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There's no going back to nature

We are not in -- nor about to be in -- a world with a small human population living simply and leaving nature alone. The future belongs to proactive environmentalists who use information and technology to make ecosystems

Some futurists say we are entering the "environmental century," and this will probably turn out to be right for a lot of reasons -- some good and some bad. The good news is, more and more people are beginning to understand that a healthy environment is essential to everything we do. The bad news is, we're likely to have an ample enough supply of nasty problems to keep the environment on everybody's mind for a long time to come.

This doesn't mean the future is going to be terrible -- far from it. It only means that there will be tough challenges, things for people and societies to work on and learn about. And it doesn't mean, either, that environmentalism -- at least all the varieties of it that we hear about today -- will be a potent force in this global civilization. Don't look for a great surge toward Green parties, or a worldwide burst of enthusiasm for deep ecology or bioregionalism. That back-to-nature sort of environmentalism seems to be enjoying a certain vogue at the moment, but actually the future will likely belong to what I call proactive environmentalists -- people who are able to use information and technology, who don't mind living in this world as it is, and who are unafraid to engage in the hands-on management of ecosystems.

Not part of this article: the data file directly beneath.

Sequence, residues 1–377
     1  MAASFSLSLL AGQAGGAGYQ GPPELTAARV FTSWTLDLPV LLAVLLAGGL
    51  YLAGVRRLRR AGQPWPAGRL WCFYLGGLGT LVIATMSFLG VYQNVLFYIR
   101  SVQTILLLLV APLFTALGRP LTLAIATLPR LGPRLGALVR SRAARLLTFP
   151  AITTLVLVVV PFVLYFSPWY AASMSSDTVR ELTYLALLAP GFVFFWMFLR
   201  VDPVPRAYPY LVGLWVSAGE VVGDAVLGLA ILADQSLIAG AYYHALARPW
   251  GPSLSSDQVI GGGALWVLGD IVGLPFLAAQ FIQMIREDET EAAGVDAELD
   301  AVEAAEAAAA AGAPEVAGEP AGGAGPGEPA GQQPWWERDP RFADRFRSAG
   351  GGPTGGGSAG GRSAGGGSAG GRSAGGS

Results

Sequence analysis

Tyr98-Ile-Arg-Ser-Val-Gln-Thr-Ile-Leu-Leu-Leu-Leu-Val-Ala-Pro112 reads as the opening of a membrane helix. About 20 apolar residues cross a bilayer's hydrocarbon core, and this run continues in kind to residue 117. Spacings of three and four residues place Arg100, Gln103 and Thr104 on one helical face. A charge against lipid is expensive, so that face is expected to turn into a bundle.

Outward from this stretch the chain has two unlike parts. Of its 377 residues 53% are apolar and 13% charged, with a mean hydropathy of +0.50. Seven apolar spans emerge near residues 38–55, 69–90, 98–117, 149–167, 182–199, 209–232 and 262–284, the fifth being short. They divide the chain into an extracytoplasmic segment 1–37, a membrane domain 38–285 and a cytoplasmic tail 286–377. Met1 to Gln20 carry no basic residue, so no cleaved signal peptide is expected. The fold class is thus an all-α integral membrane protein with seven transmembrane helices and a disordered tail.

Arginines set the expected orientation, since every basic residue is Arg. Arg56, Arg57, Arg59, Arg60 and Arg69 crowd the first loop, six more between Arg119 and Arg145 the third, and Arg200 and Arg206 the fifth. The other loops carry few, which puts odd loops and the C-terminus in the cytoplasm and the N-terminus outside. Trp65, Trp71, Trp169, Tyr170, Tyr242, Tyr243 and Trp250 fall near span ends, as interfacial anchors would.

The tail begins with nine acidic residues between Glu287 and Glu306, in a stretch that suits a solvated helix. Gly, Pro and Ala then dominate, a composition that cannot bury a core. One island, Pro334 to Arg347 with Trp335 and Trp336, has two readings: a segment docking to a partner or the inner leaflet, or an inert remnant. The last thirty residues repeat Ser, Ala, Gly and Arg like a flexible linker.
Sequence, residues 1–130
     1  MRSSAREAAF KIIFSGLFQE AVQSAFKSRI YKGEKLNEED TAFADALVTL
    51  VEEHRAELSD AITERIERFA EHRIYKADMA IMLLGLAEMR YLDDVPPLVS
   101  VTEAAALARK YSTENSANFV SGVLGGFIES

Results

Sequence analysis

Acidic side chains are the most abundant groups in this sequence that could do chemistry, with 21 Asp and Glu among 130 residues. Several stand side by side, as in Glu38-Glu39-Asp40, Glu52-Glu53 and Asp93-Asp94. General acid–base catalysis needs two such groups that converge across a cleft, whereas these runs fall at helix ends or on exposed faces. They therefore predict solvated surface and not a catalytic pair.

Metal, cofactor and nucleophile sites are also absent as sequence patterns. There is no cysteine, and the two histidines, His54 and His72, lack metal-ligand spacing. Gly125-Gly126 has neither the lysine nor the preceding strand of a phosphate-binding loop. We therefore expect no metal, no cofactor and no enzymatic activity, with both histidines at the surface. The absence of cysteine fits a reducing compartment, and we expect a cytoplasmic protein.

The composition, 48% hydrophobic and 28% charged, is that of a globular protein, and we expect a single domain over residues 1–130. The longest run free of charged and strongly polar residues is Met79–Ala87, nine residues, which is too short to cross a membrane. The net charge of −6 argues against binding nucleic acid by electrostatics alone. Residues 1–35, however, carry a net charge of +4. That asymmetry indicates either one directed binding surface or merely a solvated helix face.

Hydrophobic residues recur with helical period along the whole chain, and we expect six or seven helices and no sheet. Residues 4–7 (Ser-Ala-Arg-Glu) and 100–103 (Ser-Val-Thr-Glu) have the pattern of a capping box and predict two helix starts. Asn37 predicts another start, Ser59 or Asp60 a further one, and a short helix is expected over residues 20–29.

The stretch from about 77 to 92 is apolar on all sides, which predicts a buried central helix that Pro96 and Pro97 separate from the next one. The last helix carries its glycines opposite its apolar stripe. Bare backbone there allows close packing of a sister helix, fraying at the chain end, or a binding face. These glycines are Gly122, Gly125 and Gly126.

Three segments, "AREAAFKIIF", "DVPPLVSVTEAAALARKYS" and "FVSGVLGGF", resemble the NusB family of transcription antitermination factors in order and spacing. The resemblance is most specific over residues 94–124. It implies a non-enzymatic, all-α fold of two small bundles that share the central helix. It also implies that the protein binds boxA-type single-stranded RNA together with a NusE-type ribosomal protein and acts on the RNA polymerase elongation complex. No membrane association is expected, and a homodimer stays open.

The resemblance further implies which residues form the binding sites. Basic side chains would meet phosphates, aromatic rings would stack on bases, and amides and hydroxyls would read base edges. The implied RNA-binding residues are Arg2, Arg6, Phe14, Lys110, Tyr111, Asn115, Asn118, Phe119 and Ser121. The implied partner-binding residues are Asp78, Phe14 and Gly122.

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It's really amazing -- especially in a society said to have reached the end of ideology almost 40 years ago -- that the various strains of back-to-nature environmentalism such as deep ecology, bioregionalism, ecofeminism, and neo-Luddism have congealed so quickly into what any student of politics would recognize immediately as another ideology. It certainly has all the earmarks of one -- a philosophy, a political movement, and enough jargon to gag a Washington speechwriter. Its dogma includes opposition to "anthropocentric" -- i.e., human-centered -- thought or action, a hands-off approach to nature, a deep suspicion of all things technological, a passion for the primitive, and a desire to get back to some kind of decentralized world in which people live and work within their bioregions, preferably with native plants and animals.

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